Working from home: a new contagion?
Angus Farr, Chair of the London Society of Chartered Accountants’ Business Board, considers what the future of work will look like in a post COVID-19 society.
Will home working catch on after all this? I think it will, to an extent.
Although most people I’ve been meeting over screens recently are keen to ‘get back to normal’ as soon as possible, many have said they plan to request occasional homeworking, based on their recent positive experiences.
Flexibility is certainly nothing new and I think we’ve moved on a lot since ‘working from home’ was viewed with scepticism and even repeated back sarcastically with air quotes and a wink. Many organisations embrace flexible working as a way to attract and retain staff. It’s often mentioned as a ‘must-have’ or at least a ‘nice-to-have’ by Millennials when they’re looking for an employer. And with office rents in London being so expensive, it’s certainly been a way to reduce costs for established businesses or keep costs low for start-ups.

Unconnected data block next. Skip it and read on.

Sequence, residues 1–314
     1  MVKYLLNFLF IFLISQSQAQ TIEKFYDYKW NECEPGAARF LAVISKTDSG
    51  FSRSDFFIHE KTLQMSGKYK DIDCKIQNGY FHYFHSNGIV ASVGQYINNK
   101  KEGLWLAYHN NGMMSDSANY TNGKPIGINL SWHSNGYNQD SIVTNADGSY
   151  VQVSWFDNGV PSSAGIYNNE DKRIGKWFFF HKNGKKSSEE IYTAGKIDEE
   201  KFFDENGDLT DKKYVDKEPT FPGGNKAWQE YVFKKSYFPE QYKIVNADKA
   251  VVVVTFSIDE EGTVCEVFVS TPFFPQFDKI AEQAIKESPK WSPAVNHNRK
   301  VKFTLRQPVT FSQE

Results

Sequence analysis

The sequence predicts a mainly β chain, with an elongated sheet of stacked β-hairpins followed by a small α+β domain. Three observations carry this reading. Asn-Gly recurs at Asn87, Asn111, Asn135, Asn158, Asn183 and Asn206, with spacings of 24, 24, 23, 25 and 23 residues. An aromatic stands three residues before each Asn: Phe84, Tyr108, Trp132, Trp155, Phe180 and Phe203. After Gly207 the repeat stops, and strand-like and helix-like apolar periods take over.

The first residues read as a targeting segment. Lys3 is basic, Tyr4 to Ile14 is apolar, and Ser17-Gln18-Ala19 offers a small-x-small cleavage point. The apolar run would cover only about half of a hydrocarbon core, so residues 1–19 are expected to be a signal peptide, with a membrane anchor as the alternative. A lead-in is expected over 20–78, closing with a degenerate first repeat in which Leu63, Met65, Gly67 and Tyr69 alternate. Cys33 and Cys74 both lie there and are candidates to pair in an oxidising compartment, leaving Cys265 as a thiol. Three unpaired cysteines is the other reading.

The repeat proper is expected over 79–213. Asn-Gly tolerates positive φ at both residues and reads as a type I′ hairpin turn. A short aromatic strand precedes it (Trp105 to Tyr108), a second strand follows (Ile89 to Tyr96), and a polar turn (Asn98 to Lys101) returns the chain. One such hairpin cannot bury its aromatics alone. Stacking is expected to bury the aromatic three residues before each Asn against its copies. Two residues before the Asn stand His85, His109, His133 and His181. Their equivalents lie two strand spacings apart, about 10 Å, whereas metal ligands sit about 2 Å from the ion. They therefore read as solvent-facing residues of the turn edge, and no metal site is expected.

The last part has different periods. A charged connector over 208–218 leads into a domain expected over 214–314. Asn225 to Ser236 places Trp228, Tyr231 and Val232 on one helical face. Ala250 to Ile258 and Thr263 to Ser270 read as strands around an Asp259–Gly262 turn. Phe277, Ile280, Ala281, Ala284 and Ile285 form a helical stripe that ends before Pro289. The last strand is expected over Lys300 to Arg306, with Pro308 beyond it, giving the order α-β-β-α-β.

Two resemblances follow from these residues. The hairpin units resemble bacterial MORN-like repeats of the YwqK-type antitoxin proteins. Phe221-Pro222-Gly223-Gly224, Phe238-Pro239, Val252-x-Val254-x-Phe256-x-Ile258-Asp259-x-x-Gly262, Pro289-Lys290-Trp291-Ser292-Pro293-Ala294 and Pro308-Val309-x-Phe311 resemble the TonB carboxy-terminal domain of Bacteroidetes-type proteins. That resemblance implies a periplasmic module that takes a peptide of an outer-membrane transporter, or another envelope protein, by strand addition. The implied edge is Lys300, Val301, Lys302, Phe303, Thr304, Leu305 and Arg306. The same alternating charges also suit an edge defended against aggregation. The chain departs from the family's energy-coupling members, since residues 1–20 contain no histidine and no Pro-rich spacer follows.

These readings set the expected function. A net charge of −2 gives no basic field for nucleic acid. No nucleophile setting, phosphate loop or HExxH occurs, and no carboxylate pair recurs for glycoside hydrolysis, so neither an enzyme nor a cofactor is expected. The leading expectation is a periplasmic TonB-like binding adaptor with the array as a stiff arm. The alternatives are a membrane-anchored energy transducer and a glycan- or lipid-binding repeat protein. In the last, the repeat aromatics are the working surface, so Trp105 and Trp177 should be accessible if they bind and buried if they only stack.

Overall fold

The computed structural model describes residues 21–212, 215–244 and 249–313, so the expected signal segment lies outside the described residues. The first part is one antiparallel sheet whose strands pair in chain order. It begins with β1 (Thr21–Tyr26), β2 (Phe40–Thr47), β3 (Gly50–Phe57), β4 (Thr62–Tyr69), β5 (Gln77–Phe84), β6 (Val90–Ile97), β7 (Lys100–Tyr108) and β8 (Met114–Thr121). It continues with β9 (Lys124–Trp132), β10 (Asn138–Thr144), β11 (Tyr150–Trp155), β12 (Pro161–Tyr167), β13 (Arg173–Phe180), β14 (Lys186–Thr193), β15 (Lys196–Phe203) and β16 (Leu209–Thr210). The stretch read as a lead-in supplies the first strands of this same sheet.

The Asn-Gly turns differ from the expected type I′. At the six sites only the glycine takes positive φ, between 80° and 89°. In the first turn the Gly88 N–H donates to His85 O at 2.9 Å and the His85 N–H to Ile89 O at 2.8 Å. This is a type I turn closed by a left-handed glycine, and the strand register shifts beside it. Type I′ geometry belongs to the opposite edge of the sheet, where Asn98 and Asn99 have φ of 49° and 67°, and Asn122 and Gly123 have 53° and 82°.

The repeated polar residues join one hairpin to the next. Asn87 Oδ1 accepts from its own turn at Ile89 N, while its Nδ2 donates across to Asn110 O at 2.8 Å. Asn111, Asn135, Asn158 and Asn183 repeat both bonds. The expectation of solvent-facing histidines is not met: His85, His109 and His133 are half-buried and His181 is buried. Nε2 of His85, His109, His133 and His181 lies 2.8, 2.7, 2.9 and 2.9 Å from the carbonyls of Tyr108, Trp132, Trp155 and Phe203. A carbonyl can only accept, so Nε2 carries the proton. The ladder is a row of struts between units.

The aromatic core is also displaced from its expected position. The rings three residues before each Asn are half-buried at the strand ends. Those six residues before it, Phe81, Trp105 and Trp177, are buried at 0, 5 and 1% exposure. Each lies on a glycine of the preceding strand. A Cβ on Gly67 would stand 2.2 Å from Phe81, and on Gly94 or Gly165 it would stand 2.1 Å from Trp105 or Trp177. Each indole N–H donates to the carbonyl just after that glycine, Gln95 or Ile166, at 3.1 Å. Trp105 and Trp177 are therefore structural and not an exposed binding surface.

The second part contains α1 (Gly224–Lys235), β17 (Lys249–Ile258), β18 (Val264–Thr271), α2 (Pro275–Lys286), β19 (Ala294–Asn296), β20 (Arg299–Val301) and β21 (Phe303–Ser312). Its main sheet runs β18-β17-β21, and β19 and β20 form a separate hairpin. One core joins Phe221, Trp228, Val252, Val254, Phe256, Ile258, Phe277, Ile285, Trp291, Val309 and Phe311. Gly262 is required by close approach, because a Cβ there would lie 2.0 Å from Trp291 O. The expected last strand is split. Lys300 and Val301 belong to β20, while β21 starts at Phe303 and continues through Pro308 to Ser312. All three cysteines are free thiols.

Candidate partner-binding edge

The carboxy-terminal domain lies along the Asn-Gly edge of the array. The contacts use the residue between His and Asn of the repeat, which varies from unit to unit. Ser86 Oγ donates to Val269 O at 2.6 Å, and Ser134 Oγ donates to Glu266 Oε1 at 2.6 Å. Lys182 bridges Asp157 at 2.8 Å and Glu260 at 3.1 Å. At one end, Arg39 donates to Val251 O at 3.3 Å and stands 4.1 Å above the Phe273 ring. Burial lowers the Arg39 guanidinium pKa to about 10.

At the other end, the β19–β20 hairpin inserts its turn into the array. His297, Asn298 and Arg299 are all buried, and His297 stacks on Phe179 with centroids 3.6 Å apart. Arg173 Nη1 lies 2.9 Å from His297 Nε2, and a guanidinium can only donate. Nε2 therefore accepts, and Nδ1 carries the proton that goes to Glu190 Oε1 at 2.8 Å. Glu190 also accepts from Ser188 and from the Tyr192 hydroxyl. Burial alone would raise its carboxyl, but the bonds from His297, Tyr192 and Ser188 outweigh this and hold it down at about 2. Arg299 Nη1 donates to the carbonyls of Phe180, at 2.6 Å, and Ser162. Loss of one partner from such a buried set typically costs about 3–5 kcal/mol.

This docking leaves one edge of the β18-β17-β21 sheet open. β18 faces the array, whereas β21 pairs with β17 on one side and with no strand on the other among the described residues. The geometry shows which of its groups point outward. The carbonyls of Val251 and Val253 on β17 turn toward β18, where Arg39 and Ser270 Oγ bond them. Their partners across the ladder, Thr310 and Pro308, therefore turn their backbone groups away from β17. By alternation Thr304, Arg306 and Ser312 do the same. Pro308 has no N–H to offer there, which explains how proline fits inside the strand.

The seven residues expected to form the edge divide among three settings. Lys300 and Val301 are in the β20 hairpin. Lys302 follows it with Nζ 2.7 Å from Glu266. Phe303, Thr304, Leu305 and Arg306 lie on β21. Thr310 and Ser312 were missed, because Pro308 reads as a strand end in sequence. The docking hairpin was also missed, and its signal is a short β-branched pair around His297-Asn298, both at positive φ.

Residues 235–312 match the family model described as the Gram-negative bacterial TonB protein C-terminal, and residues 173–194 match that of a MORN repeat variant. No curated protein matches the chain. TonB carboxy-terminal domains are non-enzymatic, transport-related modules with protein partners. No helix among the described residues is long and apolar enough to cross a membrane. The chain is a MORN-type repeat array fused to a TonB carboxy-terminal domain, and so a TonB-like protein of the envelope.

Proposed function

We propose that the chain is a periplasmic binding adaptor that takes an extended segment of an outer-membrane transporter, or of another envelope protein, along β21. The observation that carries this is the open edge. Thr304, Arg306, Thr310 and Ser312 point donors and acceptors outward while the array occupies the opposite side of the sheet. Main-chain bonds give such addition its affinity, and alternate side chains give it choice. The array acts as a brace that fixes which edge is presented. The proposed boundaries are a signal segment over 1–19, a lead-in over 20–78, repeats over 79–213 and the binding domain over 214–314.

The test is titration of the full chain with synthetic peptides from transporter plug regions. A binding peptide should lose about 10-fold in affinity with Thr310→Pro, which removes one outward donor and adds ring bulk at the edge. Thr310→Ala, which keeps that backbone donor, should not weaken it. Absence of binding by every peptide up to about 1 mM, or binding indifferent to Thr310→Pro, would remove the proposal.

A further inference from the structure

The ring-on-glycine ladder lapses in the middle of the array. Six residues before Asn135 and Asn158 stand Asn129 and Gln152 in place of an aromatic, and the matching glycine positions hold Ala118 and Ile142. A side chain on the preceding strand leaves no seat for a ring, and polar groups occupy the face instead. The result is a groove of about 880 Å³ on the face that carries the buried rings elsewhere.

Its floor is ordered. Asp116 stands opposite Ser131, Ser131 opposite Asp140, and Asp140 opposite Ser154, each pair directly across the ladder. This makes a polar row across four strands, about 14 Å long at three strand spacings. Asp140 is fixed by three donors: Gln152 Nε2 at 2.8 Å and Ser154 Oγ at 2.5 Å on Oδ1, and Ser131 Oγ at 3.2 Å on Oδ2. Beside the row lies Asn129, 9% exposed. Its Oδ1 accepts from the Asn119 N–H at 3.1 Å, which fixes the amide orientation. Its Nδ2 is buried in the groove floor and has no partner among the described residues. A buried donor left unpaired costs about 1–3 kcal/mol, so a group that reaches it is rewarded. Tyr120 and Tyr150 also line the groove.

Technology has also come on in leaps and bounds to make home working possible. We’ve all probably enjoyed video conferences in the last few weeks with friends and colleagues who have been using the technology themselves for all of … the last few weeks. Indeed, a concern I’ve heard from some people is whether others are now judging them by their visible décor and book collection.
And yes we are, by the way!
Pre-Covid, when I asked staff about attitudes to flexible working in their offices, I got a range of responses from “it’s positively encouraged” to “it’s grudgingly permitted if you really really have to”. And when you probed the latter sentiment, it often came down to a whispered “they just don’t trust us”!
Of course, as we’ve seen recently, home working is simply not an option for many organisations. So it may be that some staff think they could work from home, but in reality, their physical presence in an office is necessary. Perhaps then this is down to poor communication from bosses rather than an inherent lack of trust.
But if there has been a trust deficit in some workplaces, I’d like to think the last couple of months have eased bosses’ concerns and shown that staff are able to perform well from home in difficult conditions.
And what a silver lining that would be to this enormous and still billowing grey cloud.
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